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Science
CAMPAIGNING FOR HEALTH
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Programme 1: Sexual Health

Tuesday 2 April 2002, 9.00-9.30pm

Every year across the globe, millions of dollars are spent on trying to persuade people to look after their health. Some campaigns have proved spectacular successes, others have had no effect at all. Jackie Hardgrave explores the business of health education, its triumphs and pitfalls, and its vital role in protecting the health of a community.

Couple

1. Sexual Health - The British aren't very good at talking about sex. Therein lies a problem when trying to mount campaigns to change people's sexual behaviour. The early 1980s, when the HIV/AIDS adverts were first broadcast, wasn't a good time to try to change people's behaviour. At that time the messages were: use a condom, have safe sex, don't have too many partners. People were then left to make up their own minds about their behaviour. Now though, campaigns and sex education have changed to try to alter the way we have sex - and this has proved to be the only way to affect the numbers of those suffering with sexually transmitted diseases. Scare and fear tactics were used in those early campaigns - and it turned people off.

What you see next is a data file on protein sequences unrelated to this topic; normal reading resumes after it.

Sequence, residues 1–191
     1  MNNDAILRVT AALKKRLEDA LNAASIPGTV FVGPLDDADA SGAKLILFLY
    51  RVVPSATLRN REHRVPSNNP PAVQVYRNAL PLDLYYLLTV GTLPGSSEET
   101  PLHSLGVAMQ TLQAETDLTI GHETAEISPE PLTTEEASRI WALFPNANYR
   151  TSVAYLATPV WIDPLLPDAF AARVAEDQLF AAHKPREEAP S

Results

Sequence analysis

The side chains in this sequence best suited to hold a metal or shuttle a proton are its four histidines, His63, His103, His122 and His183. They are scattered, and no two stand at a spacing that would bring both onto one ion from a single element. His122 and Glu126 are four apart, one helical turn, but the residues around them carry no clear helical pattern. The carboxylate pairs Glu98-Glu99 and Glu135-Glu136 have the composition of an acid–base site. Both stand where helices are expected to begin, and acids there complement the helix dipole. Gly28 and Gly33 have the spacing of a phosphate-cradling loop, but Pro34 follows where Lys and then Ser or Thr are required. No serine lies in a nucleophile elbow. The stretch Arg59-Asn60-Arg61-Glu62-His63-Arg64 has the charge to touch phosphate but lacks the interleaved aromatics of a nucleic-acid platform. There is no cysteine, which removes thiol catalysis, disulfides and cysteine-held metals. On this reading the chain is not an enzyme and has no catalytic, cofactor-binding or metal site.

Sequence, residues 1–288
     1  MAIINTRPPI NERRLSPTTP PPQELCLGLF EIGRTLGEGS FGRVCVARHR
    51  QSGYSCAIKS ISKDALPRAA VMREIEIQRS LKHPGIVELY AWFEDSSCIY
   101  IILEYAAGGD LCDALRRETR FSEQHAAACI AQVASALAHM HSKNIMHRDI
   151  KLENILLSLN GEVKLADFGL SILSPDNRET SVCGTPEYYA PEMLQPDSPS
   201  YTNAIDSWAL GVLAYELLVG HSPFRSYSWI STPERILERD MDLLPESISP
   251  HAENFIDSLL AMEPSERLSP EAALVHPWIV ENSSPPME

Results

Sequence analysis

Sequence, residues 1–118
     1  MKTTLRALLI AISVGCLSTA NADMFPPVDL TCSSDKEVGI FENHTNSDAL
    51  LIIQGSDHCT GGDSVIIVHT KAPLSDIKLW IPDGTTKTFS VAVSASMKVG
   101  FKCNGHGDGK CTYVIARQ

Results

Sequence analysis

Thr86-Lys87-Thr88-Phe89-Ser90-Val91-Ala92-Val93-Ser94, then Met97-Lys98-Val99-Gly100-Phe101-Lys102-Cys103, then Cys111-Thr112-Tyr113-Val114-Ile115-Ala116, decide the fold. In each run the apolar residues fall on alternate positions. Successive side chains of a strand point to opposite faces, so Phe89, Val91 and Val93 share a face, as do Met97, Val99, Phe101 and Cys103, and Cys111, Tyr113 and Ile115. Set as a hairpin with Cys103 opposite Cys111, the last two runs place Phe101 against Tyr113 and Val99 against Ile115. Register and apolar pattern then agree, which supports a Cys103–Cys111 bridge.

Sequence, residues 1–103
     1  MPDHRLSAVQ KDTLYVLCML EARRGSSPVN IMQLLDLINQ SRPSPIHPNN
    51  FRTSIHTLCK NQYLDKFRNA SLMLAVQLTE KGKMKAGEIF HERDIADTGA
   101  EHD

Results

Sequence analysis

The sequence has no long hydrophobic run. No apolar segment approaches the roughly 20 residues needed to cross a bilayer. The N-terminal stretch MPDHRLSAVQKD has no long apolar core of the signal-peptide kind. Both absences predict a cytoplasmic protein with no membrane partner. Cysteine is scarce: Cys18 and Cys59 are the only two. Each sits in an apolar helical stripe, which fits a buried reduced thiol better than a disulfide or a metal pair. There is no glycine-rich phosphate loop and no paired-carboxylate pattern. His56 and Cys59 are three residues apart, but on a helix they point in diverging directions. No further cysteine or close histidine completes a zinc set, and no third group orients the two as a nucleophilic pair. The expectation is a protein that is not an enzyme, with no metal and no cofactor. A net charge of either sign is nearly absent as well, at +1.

Mates

Campaigners have now admitted that people will always have sex, and that scare stories fail to change the way people behave. They have also admitted that teenagers will always have sex - especially when you tell them not to! So how do you go about educating people about the joys and pitfalls of sex without losing morals, increasing promiscuity in the young, and promoting so much fear that we all put our heads in the sand and carry on as usual? This programme looks at a new branch of sex education in schools and youth clubs designed to lower the rate of teenage pregnancy and sexually transmitted diseases. It also examines the history of national sexual health campaigns and how we have become less prudish over the years. Jackie Hardgrave investigates the different approaches to a sensitive subject.

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